Here is an excerpt from this morning’s story in the Washington Post:
A measure of the church’s long history of intrigue has spilled into the Francis papacy, particularly as the pope has ordered radical overhauls of murky Vatican finances. Under Francis, the top leadership of the Vatican Bank was ousted, as was the all-Italian board of its financial watchdog agency.
One method of pushback has been to give damaging leaks to the Italian news media. Vatican officials are now convinced that the biggest leak to date — of the papal encyclical on the environment in June — was driven by greed (it was sold to the media) rather than vengeance. But other disclosures have targeted key figures in the papal cleanup — including the conservative chosen to lead the pope’s financial reforms, the Australian Cardinal George Pell, who in March was the subject of a leak about his allegedly lavish personal tastes.
More often, dissent unfolds on ideological grounds. Criticism of a sitting pope is hardly unusual — liberal bishops on occasion challenged Benedict. But in an institution cloaked in traditional fealty to the pope, what shocks many is just how public the criticism of Francis has become.
In an open letter to his diocese, Bishop Thomas Tobin of Providence, R.I., wrote: “In trying to accommodate the needs of the age, as Pope Francis suggests, the Church risks the danger of losing its courageous, countercultural, prophetic voice, one that the world needs to hear.” For his part, Burke, the cardinal from Wisconsin, has called the church under Francis “a ship without a rudder.”
Even Pell appeared to undermine him on theological grounds. Commenting on the pope’s call for dramatic action on climate change, Pell told the Financial Times in July, “The church has got no mandate from the Lord to pronounce on scientific matters.”
In conservative circles, the word “confusion” also has become a euphemism for censuring the papacy without mentioning the pope. In one instance, 500 Catholic priests in Britain drafted an open letter this year that cited “much confusion” in “Catholic moral teaching” following the bishops’ conference on the family last year in which Francis threw open the floodgates of debate, resulting in proposed language offering an embraceable, new stance for divorced or gay Catholics.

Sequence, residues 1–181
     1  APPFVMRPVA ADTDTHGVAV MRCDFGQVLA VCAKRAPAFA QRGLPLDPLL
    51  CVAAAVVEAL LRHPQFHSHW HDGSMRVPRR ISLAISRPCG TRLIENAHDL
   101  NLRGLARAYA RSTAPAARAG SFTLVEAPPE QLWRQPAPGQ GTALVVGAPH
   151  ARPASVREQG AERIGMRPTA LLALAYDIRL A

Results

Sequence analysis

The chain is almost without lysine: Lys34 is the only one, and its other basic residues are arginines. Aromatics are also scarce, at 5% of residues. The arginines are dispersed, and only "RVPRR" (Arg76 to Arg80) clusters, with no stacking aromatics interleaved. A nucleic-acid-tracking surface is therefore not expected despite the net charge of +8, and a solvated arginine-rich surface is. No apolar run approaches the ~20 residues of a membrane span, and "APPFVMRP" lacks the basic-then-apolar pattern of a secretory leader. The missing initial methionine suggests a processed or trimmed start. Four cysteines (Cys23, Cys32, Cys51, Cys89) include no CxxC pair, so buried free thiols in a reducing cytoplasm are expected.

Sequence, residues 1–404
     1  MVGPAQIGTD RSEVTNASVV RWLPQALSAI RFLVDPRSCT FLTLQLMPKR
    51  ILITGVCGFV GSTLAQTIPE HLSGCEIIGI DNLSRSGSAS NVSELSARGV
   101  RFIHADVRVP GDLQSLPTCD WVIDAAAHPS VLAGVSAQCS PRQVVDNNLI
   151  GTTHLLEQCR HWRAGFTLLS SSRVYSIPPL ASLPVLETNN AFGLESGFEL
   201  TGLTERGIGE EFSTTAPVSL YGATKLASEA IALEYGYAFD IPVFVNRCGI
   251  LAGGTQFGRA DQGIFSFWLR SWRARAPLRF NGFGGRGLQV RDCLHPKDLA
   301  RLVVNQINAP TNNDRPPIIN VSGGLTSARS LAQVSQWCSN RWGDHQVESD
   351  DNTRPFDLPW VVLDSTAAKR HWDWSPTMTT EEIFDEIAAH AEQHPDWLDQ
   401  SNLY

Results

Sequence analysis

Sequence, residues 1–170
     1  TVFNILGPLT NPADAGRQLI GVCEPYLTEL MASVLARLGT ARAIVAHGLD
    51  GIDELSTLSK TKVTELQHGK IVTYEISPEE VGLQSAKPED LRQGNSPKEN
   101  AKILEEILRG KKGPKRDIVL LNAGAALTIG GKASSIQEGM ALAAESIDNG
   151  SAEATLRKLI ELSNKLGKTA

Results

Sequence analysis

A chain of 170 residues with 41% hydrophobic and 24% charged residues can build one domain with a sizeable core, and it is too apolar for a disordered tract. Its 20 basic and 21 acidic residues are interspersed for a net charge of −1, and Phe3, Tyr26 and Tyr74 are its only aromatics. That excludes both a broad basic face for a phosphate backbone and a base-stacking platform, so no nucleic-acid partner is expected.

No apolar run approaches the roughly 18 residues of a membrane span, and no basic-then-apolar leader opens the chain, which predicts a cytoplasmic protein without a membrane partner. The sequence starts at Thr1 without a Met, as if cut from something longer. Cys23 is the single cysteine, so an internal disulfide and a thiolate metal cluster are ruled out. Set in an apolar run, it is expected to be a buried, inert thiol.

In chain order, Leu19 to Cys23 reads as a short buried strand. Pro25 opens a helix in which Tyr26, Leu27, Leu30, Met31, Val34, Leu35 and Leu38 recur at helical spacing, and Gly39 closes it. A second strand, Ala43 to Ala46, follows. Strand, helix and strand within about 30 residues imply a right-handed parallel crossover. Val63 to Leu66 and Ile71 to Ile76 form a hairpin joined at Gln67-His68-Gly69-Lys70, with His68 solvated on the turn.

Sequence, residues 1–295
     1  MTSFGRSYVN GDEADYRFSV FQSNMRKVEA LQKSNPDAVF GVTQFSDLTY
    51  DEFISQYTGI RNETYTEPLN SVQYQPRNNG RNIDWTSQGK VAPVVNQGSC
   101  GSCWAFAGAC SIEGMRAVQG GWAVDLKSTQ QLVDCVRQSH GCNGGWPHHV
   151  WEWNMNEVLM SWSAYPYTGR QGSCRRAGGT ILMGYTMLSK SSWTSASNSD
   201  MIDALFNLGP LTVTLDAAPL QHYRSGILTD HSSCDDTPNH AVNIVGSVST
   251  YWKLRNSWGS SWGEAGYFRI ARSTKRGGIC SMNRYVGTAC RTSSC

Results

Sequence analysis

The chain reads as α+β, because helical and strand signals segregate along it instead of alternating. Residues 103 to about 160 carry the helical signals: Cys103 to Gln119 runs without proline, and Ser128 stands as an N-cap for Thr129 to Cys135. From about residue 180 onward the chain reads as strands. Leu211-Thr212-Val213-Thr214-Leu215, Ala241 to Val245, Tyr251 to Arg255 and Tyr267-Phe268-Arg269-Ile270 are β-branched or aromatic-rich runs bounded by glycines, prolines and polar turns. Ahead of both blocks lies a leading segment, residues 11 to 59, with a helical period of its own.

That language ultimately was watered down in a vote that showed the still-ample power of conservatives. It set up another showdown for next month, when senior church leaders will meet in a follow-up conference that observers predict will turn into another theological slugfest. The pope himself will have the final word on any changes next year.
Conservatives have launched a campaign against a possible policy change that would grant divorced and remarried Catholics the right to take Communion at Mass. Last year, five senior leaders including Burke and the conservative Cardinal Carlo Caffarra of Bologna, Italy, drafted what has become known as “the manifesto” against such a change. In July, a DVD distributed to hundreds of dioceses in Europe and Australia, and backed by conservative Catholic clergy members, made the same point. In it, Burke, who has made similar arguments at a string of Catholic conferences, issued dire warnings of a world in which traditional teachings are ignored.
But this is still the Catholic Church, where hierarchical respect is as much tradition as anything else. Rather than targeting the pope, conservative bishops and cardinals more often take aim at their liberal peers. They include the German Cardinal Walter Kasper, who has suggested that he has become a proxy for clergy members who are not brave enough to criticize the pope directly.
Yet conservatives counter that liberals are overstepping their bounds, putting their own spin on the pronouncements of a pope who has been more ambiguous than Kasper and his allies are willing to admit.
“I was born a papist, I have lived as a papist, and I will die a papist,” Caffarra said. “The pope has never said that divorced and remarried Catholics should be able to take Holy Communion, and yet, his words are being twisted to give them false meaning.”
Some of the pope’s allies insist that debate is precisely what Francis wants.
“I think that people are speaking their mind because they feel very strongly and passionately in their position, and I don’t think the Holy Father sees it as a personal attack on him,” said Chicago Archbishop Blase J. Cupich, considered a close ally of the pope. “The Holy Father has opened the possibility for these matters to be discussed openly; he has not predetermined where this is going.”
According to the website, churchauthority.org, the Pope has three main duties:
He is the Supreme Pastor.